The American Writers Museum celebrates American writers through innovative, state-of-the-art exhibitions and compelling programming.
Paris, Pamplona, Havana are cities that come to mind when you think of Ernest Hemingway, but the year and a half he spent living in the city of Chicago as an adult had a profound impact on his life and career.
Hemingway grew up in a deeply religious family in suburban Oak Park and longed to escape its middle-class mores. His father was a doctor and his mother an aspiring opera singer turned music teacher. While she may have fostered his interest in the arts, his father, an avid hunter and fisherman, strongly contributed to Hemingway's persona as a rugged adventurer. In high school, he edited his school newspaper, joined the football and swim teams, played the cello, and engaged in frequent boxing matches with friends. He yearned to serve in the army but was repeatedly rejected due to poor eyesight damaged by boxing.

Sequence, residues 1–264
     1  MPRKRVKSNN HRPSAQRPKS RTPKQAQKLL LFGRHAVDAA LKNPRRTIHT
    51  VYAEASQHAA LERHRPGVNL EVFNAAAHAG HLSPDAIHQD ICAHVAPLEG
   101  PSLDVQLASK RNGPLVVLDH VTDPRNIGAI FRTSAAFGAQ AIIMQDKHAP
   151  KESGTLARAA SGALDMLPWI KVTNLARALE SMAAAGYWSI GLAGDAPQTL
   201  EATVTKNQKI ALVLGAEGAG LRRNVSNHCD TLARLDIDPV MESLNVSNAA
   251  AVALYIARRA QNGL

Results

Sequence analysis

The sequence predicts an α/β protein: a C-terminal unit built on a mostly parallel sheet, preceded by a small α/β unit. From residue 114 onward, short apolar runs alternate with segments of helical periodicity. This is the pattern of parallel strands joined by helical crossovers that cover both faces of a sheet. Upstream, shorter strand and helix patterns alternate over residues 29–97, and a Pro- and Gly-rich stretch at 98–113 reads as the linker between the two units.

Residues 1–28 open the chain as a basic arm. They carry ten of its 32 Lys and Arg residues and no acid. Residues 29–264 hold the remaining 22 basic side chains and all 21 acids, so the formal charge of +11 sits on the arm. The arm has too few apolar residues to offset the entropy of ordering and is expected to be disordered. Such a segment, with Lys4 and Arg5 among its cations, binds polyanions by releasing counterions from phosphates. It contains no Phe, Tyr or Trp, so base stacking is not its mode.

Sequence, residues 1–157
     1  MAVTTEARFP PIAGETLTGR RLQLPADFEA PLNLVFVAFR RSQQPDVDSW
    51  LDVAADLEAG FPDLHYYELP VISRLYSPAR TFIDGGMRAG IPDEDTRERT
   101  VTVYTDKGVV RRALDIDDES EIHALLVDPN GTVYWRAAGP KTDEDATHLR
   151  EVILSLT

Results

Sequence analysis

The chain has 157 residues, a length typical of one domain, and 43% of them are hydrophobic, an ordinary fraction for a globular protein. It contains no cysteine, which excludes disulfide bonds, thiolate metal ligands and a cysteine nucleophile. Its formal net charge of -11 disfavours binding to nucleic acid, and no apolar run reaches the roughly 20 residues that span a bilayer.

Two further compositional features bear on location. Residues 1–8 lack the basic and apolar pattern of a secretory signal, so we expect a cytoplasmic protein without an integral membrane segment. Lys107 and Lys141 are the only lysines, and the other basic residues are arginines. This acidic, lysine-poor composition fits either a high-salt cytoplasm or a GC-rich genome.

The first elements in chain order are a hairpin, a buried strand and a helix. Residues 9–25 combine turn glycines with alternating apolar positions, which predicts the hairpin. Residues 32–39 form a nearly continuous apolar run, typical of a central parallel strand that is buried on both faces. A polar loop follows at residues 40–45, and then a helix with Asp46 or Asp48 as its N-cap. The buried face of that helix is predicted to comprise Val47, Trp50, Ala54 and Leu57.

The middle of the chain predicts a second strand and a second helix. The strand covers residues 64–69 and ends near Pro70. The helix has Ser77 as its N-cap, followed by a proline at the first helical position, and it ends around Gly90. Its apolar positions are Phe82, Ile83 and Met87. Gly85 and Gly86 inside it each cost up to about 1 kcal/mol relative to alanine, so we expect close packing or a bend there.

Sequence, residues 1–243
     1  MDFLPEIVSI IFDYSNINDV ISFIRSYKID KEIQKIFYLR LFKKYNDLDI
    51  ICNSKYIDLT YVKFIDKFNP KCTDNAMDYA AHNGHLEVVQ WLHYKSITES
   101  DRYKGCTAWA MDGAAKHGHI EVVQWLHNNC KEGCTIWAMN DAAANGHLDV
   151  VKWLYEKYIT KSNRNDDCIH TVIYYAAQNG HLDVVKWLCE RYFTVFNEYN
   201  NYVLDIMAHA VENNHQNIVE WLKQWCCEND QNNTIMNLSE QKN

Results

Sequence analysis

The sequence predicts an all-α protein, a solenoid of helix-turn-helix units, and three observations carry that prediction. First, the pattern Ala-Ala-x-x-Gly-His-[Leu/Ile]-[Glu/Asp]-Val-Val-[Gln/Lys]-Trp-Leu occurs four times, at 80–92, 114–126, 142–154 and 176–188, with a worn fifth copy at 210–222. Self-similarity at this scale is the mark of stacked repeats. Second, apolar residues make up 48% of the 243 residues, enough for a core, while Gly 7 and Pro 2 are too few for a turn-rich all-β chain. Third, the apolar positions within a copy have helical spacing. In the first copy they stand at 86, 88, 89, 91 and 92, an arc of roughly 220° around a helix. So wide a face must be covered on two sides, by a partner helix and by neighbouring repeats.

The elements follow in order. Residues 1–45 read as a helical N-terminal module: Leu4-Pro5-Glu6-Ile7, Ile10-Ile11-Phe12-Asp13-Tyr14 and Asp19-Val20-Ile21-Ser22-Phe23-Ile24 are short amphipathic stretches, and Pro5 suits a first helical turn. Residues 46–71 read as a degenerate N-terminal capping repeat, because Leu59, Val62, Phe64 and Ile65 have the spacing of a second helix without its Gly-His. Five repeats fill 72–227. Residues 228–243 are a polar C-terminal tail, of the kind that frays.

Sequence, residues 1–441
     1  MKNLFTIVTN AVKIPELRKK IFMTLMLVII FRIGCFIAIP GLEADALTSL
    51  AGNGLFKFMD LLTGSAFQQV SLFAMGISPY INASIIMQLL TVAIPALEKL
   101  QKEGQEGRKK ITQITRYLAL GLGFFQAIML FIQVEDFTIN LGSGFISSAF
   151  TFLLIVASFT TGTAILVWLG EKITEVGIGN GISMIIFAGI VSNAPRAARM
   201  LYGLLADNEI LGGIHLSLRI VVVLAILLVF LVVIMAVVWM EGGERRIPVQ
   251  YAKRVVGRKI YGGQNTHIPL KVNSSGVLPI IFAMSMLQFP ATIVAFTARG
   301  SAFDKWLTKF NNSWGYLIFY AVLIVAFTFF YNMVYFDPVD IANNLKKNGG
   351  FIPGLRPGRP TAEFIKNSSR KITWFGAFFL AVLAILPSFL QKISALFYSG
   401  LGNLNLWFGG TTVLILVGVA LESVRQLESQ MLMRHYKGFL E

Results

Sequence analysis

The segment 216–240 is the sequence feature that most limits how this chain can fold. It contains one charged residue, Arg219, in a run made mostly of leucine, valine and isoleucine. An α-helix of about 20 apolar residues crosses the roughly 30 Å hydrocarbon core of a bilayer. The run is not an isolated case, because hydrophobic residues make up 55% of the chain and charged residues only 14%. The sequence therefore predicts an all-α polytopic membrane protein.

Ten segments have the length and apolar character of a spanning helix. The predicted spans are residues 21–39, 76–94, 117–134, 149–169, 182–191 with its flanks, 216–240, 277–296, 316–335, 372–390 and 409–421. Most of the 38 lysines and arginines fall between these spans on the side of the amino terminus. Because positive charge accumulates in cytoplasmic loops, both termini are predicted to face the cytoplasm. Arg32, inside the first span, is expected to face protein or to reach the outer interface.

After graduating from high school in 1917, he briefly worked the crime beat at the Kansas City Star newspaper. The Star’s style guide became Hemingway’s signature style: “Use short sentences. Use short first paragraphs. Use vigorous English. Be positive, not negative.”
Looking for action in World War I, Hemingway volunteered as an ambulance driver for the American Red Cross and was severely wounded in Italy. His injury and the war, in general, inspired his future writing. Once he could travel, he went home to Oak Park to recover. It took him a year to recuperate from the physical and emotional wounds of the "War to End All Wars."
In 1920, Hemingway got his second job in journalism and his first professional byline working for the Toronto Star Weekly. Still, he yearned to write fiction. He returned to Chicago, where he mainly lived in friends’ apartments on the north side. At that time, Chicago was the center of a literary renaissance led by authors and former journalists such as Theodore Dreiser, Sherwood Anderson, and Carl Sandburg. Hemingway met Sandburg and Anderson, who encouraged him to pursue a career in writing. Anderson also persuaded him to move to Paris “where the interesting people live” and wrote him a letter of introduction to Gertrude Stein, whose Paris salon was the bastion of the Modernist movement. Stein would become his mentor.
In Chicago, Hemingway met Hadley Anderson, the first of his four wives. They lived in this Dearborn Street apartment for four months following their marriage. Shortly afterward, Hemingway was hired to be a foreign correspondent for the Toronto Star and the couple sailed off to Paris.